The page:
The Deterioration of Student Leadership in Nigeria


The moral decadence that has become characteristic of Nigerian tertiary institutions today is simply a nucleus of the massive decay of values in the larger society. The decay of morals is therefore a by-product of a bigger societal decay.

The educational structure consists of four (4) major stakeholders which include:
i. The Government
ii. The University Management
iii. Parents and Teachers
iv. Students

The genesis of decay by inference is the failure of one or more or all of the stakeholders. It is unfortunate that the failure of the Nigeria educational system today is as a result of the failure of all the stakeholders.

The purpose of student leadership is as follows; however, they are not restricted to these:
i. To serve as a bridge between the students and the management.
ii. To initiate activities to recognise student’s achievements.
iii. To make life easier for students on campus.
iv. To implement a comprehensive students programme.
v. To develop student activities to benefit youth and national development.
vi. To be an advocate for good governance.

Student leadership in Nigeria became prominent in the late 1970s. In the 1980s it became monetised and politicised when the government began to look towards student leaders to solve major problems confronting their interests in the educational system. This ushered in the decay characterised by victimisations, lecturers were victimised and lecturers victimised students. Lecturers and students began to lose respect for each other; due to the incessant strikes by the lecturers, students gave less reverence and due to the lack of intellectual prowess on the part of the students, lecturers lost their respect for students too. Back in the days, students could challenge their lecturers in intellectual debates, lecturers and students learnt from each other. The lack of mutual respect led lecturers to begin to make “special demands” on students before they could pass to the next level while the students on their part began to carry guns, this partly birthed cultism. Cultism was also as a result of the tilting and diabolism of the purpose of some societies established on campus; fraternities were meant to be similar to those existent in US schools. Another factor is that students who enrolled in universities then were quite mature in age but today, students are really young, many complete their bachelors degree by age 19 or 20, the age most students gained admission in the past. Furthermore, parental neglect has changed the value system, back then, mothers were sit-home moms but today, we have 9am to 5pm moms who have taken up white collar jobs, there is little or no time to pass the necessary values to their wards. Also, parents today pay the way of their children through school, they bribe to have their children pass WAEC, NECO, JAMB etc, parents no longer reward success nor punish failure. Lastly, the university management became less efficient and less dedicated to their work, insensitivity to student’s welfare became a norm, the lack of government support was mainly responsible for the failure of the university management. From this, the part of the failure of the four stakeholders is clear.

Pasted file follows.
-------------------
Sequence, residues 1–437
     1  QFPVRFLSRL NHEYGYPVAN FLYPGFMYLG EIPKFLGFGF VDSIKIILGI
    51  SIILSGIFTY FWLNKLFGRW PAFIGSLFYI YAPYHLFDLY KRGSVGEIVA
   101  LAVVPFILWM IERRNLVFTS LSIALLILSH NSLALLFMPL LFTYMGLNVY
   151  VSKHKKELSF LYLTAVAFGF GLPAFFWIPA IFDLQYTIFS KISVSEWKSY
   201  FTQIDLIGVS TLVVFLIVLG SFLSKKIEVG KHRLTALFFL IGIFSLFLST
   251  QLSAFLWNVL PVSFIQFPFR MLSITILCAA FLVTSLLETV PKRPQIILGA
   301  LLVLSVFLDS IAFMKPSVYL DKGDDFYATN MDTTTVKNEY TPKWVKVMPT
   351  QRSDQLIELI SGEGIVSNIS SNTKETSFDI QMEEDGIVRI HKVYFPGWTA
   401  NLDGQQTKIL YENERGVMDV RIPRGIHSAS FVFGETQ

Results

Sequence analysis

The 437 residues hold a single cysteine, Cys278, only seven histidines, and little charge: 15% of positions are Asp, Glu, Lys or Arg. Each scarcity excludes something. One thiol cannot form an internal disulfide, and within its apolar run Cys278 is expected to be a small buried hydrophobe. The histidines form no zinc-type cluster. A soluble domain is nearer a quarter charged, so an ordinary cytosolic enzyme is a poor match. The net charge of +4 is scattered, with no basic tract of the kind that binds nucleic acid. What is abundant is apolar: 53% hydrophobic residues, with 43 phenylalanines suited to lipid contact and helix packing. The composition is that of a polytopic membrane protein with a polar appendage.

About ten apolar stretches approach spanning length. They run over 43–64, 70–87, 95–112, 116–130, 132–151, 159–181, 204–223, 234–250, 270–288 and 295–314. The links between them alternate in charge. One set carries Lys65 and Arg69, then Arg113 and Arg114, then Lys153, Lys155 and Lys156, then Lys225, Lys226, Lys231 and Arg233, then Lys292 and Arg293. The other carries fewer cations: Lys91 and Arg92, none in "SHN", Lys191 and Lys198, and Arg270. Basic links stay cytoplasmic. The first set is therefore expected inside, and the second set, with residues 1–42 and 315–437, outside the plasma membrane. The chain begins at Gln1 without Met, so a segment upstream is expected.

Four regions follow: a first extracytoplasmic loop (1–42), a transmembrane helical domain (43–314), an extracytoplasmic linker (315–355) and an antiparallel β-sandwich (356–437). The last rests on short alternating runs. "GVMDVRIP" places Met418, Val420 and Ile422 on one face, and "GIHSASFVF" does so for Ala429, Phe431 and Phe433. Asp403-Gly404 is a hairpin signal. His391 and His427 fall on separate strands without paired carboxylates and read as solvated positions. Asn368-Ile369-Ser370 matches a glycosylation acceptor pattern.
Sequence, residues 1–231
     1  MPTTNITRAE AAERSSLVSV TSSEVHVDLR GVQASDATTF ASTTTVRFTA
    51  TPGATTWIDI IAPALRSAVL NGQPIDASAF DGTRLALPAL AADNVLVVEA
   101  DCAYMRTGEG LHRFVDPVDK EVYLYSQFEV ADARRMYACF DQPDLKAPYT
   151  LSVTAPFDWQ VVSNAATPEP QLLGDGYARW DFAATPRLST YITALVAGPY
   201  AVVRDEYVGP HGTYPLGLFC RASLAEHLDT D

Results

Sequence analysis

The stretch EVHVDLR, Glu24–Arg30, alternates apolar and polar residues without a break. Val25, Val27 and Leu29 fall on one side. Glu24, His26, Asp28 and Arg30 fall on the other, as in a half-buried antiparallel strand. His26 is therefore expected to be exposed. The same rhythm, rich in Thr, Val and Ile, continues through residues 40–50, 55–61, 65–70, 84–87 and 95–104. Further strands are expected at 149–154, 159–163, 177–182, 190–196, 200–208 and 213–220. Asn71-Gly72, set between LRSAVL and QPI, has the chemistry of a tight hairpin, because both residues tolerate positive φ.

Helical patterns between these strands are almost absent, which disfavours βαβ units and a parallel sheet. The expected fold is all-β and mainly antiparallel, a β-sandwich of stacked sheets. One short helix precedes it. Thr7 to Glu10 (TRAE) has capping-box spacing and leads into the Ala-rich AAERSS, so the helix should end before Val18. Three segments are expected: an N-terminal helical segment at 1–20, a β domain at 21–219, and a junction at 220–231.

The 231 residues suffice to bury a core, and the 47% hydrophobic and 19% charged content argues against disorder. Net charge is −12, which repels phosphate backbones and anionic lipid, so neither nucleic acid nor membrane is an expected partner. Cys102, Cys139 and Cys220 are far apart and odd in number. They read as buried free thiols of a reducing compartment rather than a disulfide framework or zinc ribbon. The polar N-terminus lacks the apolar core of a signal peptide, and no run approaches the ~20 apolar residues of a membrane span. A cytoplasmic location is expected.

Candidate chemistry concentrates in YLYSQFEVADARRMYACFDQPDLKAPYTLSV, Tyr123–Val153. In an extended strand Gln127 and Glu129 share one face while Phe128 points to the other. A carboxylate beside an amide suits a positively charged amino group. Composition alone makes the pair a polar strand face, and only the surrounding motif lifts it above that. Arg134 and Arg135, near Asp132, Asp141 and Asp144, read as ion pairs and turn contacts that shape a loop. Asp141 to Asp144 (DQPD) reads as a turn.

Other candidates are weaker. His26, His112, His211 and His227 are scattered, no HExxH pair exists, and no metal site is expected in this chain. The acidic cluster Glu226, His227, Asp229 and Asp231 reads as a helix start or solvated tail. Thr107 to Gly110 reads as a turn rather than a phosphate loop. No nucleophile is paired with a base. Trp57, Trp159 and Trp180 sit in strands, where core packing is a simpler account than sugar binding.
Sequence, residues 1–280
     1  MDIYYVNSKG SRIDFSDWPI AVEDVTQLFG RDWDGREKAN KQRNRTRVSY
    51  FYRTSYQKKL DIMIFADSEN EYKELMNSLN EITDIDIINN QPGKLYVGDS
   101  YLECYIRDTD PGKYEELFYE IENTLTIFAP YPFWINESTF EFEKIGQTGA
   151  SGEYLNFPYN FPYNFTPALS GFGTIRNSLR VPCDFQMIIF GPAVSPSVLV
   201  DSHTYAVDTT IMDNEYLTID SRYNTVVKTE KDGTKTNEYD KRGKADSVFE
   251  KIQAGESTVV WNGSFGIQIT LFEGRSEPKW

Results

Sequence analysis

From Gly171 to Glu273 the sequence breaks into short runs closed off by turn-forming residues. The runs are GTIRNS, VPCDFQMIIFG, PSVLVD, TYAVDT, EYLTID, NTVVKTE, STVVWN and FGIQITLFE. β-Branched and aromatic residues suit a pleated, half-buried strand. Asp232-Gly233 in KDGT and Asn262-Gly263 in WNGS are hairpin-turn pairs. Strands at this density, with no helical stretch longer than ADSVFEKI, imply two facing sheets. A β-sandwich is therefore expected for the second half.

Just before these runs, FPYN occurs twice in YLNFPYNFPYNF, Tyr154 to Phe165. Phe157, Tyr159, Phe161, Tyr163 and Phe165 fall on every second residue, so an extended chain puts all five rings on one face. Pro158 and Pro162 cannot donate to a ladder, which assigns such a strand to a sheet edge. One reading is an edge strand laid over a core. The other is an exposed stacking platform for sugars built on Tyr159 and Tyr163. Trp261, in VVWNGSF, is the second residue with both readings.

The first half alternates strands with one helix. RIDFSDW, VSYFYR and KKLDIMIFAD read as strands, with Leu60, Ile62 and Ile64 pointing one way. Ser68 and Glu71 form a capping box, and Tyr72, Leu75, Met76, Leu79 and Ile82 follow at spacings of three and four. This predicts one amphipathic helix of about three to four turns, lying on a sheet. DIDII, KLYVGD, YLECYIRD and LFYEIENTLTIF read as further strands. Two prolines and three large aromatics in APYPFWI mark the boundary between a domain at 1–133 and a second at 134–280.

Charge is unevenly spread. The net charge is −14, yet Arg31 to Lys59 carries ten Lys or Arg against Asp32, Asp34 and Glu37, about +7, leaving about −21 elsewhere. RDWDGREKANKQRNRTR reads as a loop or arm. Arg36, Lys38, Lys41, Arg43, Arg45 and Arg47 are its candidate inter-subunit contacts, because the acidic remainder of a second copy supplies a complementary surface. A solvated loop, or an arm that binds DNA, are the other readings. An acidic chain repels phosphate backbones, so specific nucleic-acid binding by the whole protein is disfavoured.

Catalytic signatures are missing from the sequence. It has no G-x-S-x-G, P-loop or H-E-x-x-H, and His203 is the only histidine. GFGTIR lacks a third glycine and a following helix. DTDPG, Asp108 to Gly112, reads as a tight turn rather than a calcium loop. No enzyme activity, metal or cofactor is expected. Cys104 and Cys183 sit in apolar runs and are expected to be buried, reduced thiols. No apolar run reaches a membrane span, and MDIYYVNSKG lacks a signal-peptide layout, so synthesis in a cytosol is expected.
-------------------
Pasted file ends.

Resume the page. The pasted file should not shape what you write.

i. Bad Governance: When a bad government gets into power, three things would surely go wrong with the educational system. First, the standard of education would fall. Secondly, campus vices would be on the rise. Thirdly, pre-existing problems would remain the same. The crime of advance fee fraud and obtaining by false pretense became the new international label of Nigeria when an insensitive government came into power and refused to pay bright Nigerian students sent to the USA their allowances; the students were helpless and were forced to channel their intelligence to the wrong things. The USA had never witnessed such kind of advance fraud in their history, this negative phenomenon became popularly known as 419 and Yahoo-Yahoo. It is unfortunate that today, student leadership have become so politicised such that many universities have pledged themselves along political lines. Bad governments emanating have become extremely intolerant to protests unlike in the 1970s. During the popular ‘Ali-must-go’ protest, a significant feature was the fact that students never destroyed the school’s property and the policemen never invaded the campus, that unfortunately is not the case today, students vandalise school properties and the police intimidate students during protests. For the records, the ‘Ali-must-go’ protest began in 1978 when Colonel Ahmadu Ali, the then Minister of Education under the Olusegun Obasanjo regime increased the cost of feeding, the then National Union of Nigerian Students (NUNS) led by Segun Okeowo, a 200 level student of the University of Lagos went into talks with the government but the negotiations were unfruitful, this led to wide protests across the country.

ii. Money: The monetisation of student leadership by politicians is one of the greatest disservice politicians have done to the country. Students have become a tool in the hands of politicians to cause chaos especially during elections. Student Unions also loot their treasury just like the politicians they pledge their allegiance to. Today, we find student union governments offering awards to corrupt leaders in exchange for money.